This is the best of times, this is the worst of times.
The COVID-19 pandemic has given the opportunity for citizens of this country to demonstrate the good in them. They have.
Locally, merchants, educators and other leaders have shown determination to survive, along with creativity to make it happen.
• Many distilleries in Kentucky adapted and made hand sanitizer when there was a shortage of the product.
• Restaurants adjusted by offering takeout meals.
• Arts venues offered outdoor and online events.
• Senior centers continued to offer meals outside the building and checks on their regulars.
• Libraries offered curbside pickup.
• Churches offered online and drive-up services.
• Veterinarians took pets from customers' cars and returned them, allowing pet parents to avoid contact with others.
• Schools continued checks on their students and some provided “care packages” of meals and snacks. They continue to adjust to provide supplies needed for online learning and designating teachers to lead their districts in ways to teach online for those who choose to do so.
Individuals have stepped up, too. The Daily Independent had no shortage of stories about people finding ways to help one another through this health crisis, whether it was by making face masks or ear guards or starting a movement on social media to help encourage others to remain positive and hopeful. Individuals found ways to be entertained by spending more time outdoors fishing, camping, gardening, riding bicycles and motorcycles and ATVs. People got in touch with their creative sides in the kitchen by baking bread and other goodies, some for the first time. A local young woman developed a system to match helpers with those who had concerns about getting out. A Flatwoods man mowed yards. Girl Scouts donated cookies to front-line workers.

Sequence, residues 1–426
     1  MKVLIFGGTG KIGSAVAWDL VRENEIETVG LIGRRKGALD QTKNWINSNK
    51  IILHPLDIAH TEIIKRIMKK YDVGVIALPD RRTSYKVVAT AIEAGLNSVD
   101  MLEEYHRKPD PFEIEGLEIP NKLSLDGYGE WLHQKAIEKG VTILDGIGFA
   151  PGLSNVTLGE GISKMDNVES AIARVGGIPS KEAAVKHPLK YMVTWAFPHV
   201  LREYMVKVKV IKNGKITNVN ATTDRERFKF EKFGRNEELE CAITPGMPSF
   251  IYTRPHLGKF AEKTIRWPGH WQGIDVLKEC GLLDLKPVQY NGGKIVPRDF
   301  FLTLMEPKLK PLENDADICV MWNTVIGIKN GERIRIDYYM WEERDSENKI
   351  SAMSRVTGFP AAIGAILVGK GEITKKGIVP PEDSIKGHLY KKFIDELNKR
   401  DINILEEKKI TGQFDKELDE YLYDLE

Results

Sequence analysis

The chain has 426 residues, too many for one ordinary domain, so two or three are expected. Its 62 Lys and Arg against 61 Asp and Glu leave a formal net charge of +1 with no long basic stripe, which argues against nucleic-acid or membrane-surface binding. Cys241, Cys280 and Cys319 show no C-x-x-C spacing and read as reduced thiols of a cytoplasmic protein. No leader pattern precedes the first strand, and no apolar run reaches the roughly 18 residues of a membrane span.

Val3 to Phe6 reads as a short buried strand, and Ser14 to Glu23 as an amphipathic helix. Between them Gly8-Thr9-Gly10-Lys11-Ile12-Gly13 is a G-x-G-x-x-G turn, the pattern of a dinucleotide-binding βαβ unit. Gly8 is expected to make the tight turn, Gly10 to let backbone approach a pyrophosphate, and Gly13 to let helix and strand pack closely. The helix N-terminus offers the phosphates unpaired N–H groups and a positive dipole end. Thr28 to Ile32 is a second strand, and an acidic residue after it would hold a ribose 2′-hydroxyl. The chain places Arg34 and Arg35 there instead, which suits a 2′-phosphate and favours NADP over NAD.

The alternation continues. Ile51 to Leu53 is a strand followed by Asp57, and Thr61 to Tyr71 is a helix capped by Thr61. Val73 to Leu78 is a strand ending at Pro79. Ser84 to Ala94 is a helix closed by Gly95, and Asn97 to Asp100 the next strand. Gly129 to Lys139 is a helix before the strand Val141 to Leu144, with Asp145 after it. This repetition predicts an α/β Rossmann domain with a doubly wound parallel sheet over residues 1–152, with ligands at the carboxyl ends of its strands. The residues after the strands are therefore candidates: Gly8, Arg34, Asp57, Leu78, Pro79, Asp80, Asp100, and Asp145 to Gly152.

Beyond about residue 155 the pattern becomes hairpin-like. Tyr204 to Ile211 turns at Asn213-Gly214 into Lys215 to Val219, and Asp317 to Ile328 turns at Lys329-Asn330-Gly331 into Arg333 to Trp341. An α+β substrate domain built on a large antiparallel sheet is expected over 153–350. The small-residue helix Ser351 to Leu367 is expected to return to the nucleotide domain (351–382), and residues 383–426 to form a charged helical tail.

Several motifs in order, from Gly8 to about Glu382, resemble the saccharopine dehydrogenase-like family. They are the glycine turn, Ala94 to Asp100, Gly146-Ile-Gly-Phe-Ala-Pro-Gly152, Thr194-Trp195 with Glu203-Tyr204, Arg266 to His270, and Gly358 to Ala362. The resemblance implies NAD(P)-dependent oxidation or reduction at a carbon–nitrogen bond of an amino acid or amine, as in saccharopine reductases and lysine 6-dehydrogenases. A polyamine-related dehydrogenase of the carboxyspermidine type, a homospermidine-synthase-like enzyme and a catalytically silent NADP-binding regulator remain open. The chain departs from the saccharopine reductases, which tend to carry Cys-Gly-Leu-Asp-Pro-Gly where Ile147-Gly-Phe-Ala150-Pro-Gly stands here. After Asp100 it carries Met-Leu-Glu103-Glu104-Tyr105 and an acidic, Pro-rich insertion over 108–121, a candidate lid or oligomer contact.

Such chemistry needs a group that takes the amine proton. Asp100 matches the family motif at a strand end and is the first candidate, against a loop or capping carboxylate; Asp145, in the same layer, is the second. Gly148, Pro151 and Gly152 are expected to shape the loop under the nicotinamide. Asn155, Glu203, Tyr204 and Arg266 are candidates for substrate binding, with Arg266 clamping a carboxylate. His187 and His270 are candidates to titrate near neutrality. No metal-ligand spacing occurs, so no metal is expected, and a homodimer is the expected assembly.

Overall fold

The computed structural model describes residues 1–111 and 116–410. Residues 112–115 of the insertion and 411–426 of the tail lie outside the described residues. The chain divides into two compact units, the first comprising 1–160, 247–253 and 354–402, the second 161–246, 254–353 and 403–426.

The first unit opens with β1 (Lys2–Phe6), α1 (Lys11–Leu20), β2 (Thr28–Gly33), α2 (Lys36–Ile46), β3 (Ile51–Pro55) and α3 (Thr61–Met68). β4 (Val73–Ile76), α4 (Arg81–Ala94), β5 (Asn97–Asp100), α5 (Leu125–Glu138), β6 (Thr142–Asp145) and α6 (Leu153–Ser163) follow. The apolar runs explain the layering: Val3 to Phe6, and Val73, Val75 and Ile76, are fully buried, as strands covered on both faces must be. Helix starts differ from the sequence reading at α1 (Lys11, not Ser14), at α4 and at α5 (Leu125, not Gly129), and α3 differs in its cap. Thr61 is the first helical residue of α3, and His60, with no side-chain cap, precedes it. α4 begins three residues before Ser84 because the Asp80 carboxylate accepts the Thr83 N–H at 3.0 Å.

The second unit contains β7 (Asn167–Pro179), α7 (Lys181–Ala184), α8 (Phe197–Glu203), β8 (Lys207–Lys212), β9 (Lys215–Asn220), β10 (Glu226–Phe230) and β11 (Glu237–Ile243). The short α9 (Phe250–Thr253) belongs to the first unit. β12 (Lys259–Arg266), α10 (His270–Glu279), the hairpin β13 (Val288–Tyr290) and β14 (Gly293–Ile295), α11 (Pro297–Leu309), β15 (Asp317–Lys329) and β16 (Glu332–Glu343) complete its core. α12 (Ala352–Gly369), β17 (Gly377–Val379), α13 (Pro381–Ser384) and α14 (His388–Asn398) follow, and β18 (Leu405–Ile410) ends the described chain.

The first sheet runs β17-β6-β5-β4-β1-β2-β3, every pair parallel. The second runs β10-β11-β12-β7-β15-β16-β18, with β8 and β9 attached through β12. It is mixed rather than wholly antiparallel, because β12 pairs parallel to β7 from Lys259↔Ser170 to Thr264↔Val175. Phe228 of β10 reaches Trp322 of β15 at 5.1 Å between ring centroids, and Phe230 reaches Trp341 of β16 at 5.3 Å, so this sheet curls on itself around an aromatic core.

Yet the pandemic rages on with no certain end in sight.
In the Tri-State, we might feel insulated from COVID-19. We remain somewhat isolated from the rest of the world. There is little international travel here and we aren’t as densely populated as many areas where the virus has been very active. In fact, statistics from Johns Hopkins University show Kentucky, Ohio and West Virginia among the states with the least number of cases in the country.
While different parts of the country feel as though it’s safe to increase openings, there is still something to fear.
Any increase in activity promises to increase the number of COVID-19 cases and, potentially, deaths. Even if we are somewhat safe in our area, we don’t know who has traveled to a hot spot and we don’t know how careful they have been.
“I would tell most people: just because places are opening, does not mean the virus is under control,” Dr Abraar Karan, physician and public health researcher at Harvard Medical School, told the BBC.
“The virus is still out there,” he said, adding every social interaction is an opportunity for the virus to catch and spread.
We hope our residents will continue to take the virus serious and take precautions to keep themselves safe and to protect the public health.